The junk bond investors are totally screwed now. Not that we have any idea of the true “next best use” of Tesla’s primary assets. But by the time the liquidation of Tesla begins there will be a flood of EV’s on the market which means there will likely not be much demand from a company looking to use Tesla’s manufacturing facilities to produce even more EVs. In fact, its seems at this point that Tesla’s production process has major flaws, which means the facilities require a large infusion of capital to bring Tesla’s facility up to an acceptable standard of production quality. They may choose to bring in process engineering expertise or new technology and software from ICE Process Management to bring their facilities up to standard.

Perhaps the next best use in a place like Fremont is to convert the manufacturing facility into a homeless shelter. But that won’t help the banks.

This is to say that, intrinsically, the junk bonds are worth zero. The assets are tied by the banks and likely worth less than that the value of the debt that sits above the junk bonds in the pecking order. The bondholders have no prayer of ever receiving their principal back from cash flow. This means that the stock is intrinsically worth zero as well.

I guess the irony in this situation is that Deutsche Bank, of all banks, is the lead creditor. Talk about letting the inmates run the asylum…this also means, of course, that $10’s of billions in credit default swaps are likely connected to the credit facility as well as the junk bonds. As is, Deutsche Bank is radioactive. Add Tesla to that mix and the recipe for financial nuclear explosion has been created.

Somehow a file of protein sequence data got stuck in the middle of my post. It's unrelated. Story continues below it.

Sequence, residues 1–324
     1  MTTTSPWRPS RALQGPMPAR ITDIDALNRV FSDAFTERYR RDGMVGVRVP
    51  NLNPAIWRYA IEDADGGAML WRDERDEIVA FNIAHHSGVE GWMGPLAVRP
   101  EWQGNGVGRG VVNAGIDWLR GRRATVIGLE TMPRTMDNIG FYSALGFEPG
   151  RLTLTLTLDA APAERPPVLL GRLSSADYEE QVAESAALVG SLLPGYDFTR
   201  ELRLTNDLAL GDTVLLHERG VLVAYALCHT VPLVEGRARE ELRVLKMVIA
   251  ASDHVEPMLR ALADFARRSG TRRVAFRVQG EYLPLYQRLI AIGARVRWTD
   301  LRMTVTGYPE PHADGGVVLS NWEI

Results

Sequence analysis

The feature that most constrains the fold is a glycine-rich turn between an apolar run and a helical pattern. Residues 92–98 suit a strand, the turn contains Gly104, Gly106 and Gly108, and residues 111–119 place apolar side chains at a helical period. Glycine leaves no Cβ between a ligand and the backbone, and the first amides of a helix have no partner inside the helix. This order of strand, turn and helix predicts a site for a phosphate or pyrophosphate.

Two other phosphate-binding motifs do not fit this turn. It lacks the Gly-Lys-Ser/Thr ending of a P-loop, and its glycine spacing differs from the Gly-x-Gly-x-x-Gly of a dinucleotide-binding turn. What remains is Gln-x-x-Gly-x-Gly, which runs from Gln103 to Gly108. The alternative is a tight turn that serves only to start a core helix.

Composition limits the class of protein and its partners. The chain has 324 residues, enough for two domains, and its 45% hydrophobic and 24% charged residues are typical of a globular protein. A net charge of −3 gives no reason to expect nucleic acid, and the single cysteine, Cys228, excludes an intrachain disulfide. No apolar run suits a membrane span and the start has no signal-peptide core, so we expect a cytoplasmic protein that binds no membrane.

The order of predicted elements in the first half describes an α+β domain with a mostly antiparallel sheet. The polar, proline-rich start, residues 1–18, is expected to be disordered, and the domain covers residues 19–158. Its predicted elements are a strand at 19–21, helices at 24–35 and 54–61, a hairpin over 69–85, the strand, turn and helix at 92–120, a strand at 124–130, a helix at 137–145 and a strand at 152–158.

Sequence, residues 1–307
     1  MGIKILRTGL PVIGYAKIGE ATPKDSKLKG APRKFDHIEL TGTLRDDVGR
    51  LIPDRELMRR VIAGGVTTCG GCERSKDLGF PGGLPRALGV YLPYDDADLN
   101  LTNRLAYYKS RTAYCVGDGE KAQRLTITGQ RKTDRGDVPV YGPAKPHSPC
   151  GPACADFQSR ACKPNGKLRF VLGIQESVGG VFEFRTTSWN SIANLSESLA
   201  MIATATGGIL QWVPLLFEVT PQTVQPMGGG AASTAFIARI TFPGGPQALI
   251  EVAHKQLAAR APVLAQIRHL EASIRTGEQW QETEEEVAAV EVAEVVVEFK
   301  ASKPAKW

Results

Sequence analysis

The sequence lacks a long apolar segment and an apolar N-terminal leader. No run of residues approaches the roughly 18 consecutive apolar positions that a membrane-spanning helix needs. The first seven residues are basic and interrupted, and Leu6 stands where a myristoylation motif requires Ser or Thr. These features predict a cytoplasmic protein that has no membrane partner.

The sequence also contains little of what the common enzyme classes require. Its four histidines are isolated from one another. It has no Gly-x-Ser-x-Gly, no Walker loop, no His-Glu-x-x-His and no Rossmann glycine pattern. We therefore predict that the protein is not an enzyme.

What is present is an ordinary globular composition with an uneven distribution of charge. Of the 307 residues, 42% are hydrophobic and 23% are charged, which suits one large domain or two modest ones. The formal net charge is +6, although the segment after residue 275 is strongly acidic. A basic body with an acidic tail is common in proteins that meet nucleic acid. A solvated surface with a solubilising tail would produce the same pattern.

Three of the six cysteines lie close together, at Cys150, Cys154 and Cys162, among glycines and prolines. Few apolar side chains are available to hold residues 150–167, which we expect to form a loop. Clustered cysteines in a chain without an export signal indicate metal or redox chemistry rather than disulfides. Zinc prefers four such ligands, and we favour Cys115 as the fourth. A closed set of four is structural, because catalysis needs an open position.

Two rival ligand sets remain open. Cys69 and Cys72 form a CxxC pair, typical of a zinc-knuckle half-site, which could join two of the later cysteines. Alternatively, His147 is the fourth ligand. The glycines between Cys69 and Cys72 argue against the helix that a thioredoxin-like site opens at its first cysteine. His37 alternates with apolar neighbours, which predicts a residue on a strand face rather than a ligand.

Hidden In Plain View / Eyes Wide Shut

The impending economic collapse is hidden from most. People only see a rising stock market, not the negative underlying factors that will cause the whole system to crash. – Peter Schiff

The average middle class household is getting squeezed by an income that is not keeping up with the cost of living. Unfortunately, a major portion of the cost of living has become debt service. Most car buyers assume an almost insane amount of debt to buy a new car. Credit card debt is being used to make ends meet. Low-to-no down payment mortgages have funded most of the homes sold over the last few years. The problem, however, is that the financial system enables this behavior. One has to wonder if this was not intentional…

The quote above is from a recent Peter Schiff podcast. He goes on to say the it’s unclear how quickly the financial system will unravel but “it is close” to happening. I wanted to use that quote because one of the goals of the Short Seller’s Journal is to present hard evidence that brings to your attention the “negative underlying factors” which contradict the “official” narrative about the economy and financial system.